Some of you are no doubt thinking, well, we can live with some complexity in exchange forhedging our lock-in bets and saving money. Right now, 36% of respondents to our Virtual -ization Management Survey have secondary hypervisors in use at their organizations; many ofthese shops are making use of desktop virtualization. Citrix and Microsoft are working hard toclose the gap in providing basic enterprise-class server virtualization features, such as highavailability and live machine migration. However, mixing production hypervisors almost guar-antees that you won’t have a unified, automated disaster recovery scheme. And it can requiresome deep expertise if you want one policy to govern all of your systems, a common goal.

To find out how big a deal these and other considerations are, we asked respondents to rate adozen virtualization features based on importance. High availability is cited as the single mostcritical feature, with price coming in a very close second. This is interesting because HA fea-

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Data: InformationWeek 2011 Virtualization Management Survey of 396 business technology professionals, August 2011

VMware vSphere 4

VMware vSphere 5

Microsoft Hyper-V R2

Microsoft Hyper-V

Citrix XenServer 5.0

Citrix XenServer 5.6

Citrix XenServer 5.5

Oracle VM

Mainframe-based x86 virtualization

Xen (open source)

Red Hat Enterprise Virtualization 2.2

Ubuntu KVM

Parallels’ Virtuozzo

To what extent are the following virtualization hosting platforms in use at your organization?Use of Virtualization Hosting Platforms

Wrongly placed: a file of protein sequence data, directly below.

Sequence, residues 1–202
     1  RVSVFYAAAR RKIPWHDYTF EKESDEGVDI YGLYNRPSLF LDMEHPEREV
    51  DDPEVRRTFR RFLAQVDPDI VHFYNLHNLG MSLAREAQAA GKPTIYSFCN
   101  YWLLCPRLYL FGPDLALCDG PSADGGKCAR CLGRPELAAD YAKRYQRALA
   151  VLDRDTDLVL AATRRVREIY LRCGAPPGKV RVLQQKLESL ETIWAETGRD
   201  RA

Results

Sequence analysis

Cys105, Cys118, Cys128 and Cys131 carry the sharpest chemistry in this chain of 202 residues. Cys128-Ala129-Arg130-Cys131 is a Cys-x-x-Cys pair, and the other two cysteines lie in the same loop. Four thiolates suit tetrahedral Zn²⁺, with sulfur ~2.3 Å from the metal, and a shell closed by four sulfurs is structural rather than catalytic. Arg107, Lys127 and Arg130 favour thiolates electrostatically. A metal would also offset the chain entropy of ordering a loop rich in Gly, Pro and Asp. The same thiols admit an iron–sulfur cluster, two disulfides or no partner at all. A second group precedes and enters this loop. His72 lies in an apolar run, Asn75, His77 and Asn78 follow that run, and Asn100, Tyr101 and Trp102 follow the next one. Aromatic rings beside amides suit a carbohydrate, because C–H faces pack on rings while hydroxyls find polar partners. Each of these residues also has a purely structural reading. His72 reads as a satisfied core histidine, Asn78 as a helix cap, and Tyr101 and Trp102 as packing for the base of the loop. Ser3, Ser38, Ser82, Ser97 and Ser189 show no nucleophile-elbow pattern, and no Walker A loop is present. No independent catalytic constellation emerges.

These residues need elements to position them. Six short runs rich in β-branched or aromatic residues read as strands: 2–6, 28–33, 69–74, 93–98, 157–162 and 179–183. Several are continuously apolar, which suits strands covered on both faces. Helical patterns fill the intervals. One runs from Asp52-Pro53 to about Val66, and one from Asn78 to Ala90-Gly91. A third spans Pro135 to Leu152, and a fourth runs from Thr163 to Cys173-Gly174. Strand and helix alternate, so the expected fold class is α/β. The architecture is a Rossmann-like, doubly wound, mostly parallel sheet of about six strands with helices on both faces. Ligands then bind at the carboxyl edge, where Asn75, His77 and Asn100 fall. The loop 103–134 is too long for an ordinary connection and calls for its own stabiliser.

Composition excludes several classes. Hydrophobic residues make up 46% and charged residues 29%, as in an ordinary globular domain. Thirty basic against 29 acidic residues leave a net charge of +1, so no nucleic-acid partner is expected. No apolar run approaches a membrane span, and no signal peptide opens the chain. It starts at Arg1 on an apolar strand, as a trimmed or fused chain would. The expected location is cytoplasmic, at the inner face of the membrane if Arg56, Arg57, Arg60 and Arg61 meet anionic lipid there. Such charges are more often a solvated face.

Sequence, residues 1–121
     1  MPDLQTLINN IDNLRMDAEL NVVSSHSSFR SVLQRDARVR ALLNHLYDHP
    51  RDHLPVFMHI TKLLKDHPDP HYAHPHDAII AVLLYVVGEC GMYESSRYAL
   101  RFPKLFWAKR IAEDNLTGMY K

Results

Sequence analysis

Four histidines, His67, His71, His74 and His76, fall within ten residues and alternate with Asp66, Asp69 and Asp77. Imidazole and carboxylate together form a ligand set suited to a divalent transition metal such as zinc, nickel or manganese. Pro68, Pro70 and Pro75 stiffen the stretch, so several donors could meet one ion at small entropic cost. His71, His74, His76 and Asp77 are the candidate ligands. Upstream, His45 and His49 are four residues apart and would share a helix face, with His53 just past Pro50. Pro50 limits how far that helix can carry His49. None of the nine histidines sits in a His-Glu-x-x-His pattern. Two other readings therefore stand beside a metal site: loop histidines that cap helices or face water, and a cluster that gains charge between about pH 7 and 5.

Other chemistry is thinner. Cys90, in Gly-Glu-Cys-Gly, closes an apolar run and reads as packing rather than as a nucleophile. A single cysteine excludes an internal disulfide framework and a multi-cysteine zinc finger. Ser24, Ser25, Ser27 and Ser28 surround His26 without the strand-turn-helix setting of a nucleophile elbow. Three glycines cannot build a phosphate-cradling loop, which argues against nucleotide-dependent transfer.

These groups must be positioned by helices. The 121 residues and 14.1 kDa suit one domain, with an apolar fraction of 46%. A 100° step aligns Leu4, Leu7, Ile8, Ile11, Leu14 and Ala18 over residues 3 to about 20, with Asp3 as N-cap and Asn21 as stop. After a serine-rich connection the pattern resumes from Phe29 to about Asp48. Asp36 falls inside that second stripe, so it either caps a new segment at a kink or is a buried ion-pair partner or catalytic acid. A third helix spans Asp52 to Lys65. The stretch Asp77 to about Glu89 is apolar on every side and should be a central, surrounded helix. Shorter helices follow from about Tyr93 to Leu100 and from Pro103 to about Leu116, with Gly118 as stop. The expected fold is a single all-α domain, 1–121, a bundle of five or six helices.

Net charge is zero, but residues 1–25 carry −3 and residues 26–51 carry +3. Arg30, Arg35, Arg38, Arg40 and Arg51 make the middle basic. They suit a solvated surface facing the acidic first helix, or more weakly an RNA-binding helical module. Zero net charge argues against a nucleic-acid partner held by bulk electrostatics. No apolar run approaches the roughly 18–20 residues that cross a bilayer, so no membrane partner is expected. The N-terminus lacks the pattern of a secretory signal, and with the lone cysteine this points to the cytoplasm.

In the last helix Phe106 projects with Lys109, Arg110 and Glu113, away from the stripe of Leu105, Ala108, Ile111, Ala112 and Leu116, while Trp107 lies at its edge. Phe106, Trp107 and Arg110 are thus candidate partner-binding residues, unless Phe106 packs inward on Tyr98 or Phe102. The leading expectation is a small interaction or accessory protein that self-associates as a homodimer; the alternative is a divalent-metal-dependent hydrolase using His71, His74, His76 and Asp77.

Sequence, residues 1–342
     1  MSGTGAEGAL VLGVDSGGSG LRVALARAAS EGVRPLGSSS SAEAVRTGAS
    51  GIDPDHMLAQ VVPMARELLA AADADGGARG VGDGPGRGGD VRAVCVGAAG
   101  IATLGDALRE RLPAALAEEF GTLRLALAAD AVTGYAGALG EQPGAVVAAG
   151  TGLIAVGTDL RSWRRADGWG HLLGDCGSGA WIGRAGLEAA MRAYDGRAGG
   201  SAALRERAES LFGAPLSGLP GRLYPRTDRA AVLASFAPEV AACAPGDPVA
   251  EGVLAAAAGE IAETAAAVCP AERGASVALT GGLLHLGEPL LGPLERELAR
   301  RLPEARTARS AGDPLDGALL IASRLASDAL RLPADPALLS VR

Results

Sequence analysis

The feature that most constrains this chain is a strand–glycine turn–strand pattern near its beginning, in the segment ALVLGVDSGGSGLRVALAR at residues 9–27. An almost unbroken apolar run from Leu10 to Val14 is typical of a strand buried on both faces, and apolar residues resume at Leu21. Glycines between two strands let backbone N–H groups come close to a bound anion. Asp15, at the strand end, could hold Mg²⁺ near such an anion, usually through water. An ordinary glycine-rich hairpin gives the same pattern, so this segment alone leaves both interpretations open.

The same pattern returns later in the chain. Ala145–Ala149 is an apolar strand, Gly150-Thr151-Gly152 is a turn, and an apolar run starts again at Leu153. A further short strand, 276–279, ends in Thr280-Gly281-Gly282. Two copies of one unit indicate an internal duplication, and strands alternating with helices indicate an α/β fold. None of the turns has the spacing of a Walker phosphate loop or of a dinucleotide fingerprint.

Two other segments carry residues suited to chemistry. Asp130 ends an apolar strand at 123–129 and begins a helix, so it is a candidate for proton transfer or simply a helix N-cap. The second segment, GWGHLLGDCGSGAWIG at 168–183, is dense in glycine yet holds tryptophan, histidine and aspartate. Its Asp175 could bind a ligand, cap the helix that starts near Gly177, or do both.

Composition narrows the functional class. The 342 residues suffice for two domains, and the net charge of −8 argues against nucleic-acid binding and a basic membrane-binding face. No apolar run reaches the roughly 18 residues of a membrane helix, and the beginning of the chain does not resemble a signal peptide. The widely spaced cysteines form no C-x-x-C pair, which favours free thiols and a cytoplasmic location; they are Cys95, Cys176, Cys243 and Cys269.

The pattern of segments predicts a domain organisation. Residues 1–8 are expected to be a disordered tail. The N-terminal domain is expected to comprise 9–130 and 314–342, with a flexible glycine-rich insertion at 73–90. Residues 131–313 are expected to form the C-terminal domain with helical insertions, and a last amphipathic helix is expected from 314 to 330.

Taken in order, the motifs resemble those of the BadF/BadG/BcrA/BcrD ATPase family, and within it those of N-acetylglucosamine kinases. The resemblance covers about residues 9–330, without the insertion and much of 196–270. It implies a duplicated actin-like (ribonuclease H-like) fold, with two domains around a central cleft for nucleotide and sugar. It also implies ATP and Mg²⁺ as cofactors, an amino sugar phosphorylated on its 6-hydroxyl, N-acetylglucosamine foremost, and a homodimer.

Primary platform Secondary platform Evaluating

67%

23%

24%

37%

57%15%

6%

7%

11%

3%

33%

17%

9% 71%

84%7%

12%

4%

8%

5%

74%6% 8% 12%

5% 83%

82%4%

6%

7%

6%

7%

3% 89%

80%2%

6%

12%

2%

6%

84%2% 9%5%

2% 89%

94%1%

5%

3%

4%

2%

No use

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Figure 2

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tures with a reasonable price tag are available in both Microsoft Hyper-V R2 and CitrixXenServer. VMware also offers HA in its entry-level packages; however, it neglected to bundlefeatures like DRS (Distributed Resource Scheduler, for machine load balancing) with its lower-cost vSphere Essentials, making it an incomplete offering.

Other factors driving platform choice are live virtual machine migration (available from allmajor vendors), fault tolerance, load balancing and virtual switching/networking. Until recently,fault tolerance was a VMware-only feature. In fear of losing market share, both Citrix andMicrosoft cozied up to third-party code developer Marathon Technologies to provide fault tol-erance for their platforms. The net result is that all three big names in virtualization have FTavailable now.